Moisture Safety of Green Facades
In Nordic climate, climbers covering facades are conventionally removed, although there is no evidence of the actual impact of the climbers on the moisture performance of facades. Such information is needed to support building design and nature-based solutions for climate change adaptation. This study aimed to find evidence on the performance of green facades from the physical and life-cycle engineering perspectives of buildings by testing double-skin green facades in laboratory and field conditions. First a mature thicket creeper was grown on a steel mesh over 100 days, and it was exposed to rain and dry periods by accelerated weathering equipment in a laboratory. Then the leafless creeper was exposed to rain cycles on a rooftop in natural conditions. The results indicated the high protective capacities of the climber during the leaf season, but even during the winter season (without leaves) protective performance was measured in laboratory and natural conditions. In conclusion, double-skin green facades provide effective protection from wind-driven rain while the distance between the green structure and the load-bearing wall impacts the relative humidity levels, and the drying process of the load-bearing wall. Thus, moisture safety can be improved with a double-skin structure with ventilation and access for maintenance.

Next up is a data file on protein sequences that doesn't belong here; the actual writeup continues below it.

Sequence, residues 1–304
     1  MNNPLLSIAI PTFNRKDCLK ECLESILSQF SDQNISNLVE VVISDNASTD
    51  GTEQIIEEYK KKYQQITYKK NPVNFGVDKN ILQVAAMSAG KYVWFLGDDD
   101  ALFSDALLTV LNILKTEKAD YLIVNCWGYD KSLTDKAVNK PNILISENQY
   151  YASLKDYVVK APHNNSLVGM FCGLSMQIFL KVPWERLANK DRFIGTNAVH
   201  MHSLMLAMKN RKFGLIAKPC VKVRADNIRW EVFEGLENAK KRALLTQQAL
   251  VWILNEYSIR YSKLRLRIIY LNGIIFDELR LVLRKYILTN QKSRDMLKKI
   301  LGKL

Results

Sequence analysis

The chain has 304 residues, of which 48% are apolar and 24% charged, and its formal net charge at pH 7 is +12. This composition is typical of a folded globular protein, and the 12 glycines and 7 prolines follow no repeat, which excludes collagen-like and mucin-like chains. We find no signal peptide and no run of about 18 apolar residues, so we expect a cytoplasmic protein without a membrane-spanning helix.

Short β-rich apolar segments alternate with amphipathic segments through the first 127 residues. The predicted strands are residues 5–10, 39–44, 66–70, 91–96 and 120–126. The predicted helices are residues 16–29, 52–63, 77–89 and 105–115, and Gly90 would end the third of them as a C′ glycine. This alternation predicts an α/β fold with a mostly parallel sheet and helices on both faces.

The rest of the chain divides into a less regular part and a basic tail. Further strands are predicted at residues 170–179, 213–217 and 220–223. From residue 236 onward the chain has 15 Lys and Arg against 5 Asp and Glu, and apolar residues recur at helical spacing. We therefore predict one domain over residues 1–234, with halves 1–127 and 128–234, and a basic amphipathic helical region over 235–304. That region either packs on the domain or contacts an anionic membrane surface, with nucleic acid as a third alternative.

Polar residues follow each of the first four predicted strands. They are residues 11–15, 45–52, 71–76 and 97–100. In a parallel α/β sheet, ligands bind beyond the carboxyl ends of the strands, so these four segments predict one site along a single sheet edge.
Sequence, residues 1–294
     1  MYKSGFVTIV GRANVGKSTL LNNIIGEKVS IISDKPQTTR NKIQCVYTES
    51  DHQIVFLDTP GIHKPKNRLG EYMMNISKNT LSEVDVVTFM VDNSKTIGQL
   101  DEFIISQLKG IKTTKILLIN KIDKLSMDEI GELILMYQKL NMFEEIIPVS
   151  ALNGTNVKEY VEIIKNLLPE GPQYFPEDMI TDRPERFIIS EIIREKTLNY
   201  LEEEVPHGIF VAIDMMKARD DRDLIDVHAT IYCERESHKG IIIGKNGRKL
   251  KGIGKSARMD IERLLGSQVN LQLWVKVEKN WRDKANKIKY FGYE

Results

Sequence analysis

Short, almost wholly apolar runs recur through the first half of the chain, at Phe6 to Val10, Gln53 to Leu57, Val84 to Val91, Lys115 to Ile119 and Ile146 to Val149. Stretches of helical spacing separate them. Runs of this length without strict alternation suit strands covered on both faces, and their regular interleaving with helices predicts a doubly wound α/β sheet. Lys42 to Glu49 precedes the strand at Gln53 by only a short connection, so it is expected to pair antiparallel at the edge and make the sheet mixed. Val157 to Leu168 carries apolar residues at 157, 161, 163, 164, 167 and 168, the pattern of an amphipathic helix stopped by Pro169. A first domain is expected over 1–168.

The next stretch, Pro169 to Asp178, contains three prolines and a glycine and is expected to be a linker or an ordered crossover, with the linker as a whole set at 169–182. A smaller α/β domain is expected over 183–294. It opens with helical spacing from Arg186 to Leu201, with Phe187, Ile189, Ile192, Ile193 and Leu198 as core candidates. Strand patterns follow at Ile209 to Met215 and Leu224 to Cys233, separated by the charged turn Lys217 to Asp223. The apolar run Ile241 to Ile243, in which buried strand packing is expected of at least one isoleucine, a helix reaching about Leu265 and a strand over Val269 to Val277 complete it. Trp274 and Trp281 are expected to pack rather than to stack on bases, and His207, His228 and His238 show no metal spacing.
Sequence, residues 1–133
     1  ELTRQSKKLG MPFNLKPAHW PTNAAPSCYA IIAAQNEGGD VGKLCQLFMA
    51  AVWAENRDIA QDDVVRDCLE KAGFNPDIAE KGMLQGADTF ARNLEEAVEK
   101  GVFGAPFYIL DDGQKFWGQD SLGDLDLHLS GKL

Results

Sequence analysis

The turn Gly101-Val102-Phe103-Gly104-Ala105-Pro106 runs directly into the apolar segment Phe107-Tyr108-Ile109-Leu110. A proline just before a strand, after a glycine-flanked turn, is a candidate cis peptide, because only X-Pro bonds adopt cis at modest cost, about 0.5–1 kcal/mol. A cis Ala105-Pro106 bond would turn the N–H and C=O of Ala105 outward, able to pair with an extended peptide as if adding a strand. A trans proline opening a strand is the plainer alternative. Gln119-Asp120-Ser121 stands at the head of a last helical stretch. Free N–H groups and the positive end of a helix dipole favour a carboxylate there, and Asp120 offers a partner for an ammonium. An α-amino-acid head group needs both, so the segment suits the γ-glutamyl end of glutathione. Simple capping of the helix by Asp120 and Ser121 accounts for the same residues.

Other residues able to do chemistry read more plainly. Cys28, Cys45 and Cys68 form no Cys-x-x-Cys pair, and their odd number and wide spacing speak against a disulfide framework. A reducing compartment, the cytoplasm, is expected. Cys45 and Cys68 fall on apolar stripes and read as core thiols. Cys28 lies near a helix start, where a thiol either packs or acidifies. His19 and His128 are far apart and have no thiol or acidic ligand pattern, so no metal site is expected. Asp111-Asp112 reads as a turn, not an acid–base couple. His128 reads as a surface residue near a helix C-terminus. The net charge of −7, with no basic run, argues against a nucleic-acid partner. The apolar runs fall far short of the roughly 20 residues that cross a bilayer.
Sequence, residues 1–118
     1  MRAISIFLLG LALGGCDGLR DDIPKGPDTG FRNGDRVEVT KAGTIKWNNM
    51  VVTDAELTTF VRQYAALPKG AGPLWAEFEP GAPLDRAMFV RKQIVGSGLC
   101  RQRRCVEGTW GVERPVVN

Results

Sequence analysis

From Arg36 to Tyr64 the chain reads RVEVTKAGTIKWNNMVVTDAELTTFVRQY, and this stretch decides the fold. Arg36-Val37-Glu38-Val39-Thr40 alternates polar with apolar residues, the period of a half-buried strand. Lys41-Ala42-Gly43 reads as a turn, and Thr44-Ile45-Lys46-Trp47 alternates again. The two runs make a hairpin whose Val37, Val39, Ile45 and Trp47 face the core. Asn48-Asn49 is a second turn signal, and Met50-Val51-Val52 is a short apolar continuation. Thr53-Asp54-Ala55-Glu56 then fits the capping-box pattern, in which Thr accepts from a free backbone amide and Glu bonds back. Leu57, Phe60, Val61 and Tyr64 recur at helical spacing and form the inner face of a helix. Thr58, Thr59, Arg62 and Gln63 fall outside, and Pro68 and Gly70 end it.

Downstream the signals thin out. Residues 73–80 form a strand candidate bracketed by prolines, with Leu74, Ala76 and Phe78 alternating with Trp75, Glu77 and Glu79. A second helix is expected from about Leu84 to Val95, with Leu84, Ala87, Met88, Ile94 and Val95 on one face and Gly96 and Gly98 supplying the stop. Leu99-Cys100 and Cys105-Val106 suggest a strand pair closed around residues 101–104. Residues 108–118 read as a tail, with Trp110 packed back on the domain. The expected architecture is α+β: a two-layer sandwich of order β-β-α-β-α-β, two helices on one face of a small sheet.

Copyright (c) 2019 Harry Edelman, Toni Pakkala, Eero Tuominen, Arto Köliö, Miia Jauni, Matti Pentti, Mihkel Kiviste, Juha Vinha, Susanna Lehvävirta
Tämä työ on lisensoitu Creative Commons Nimeä 4.0 Kansainvälinen Julkinen -lisenssillä.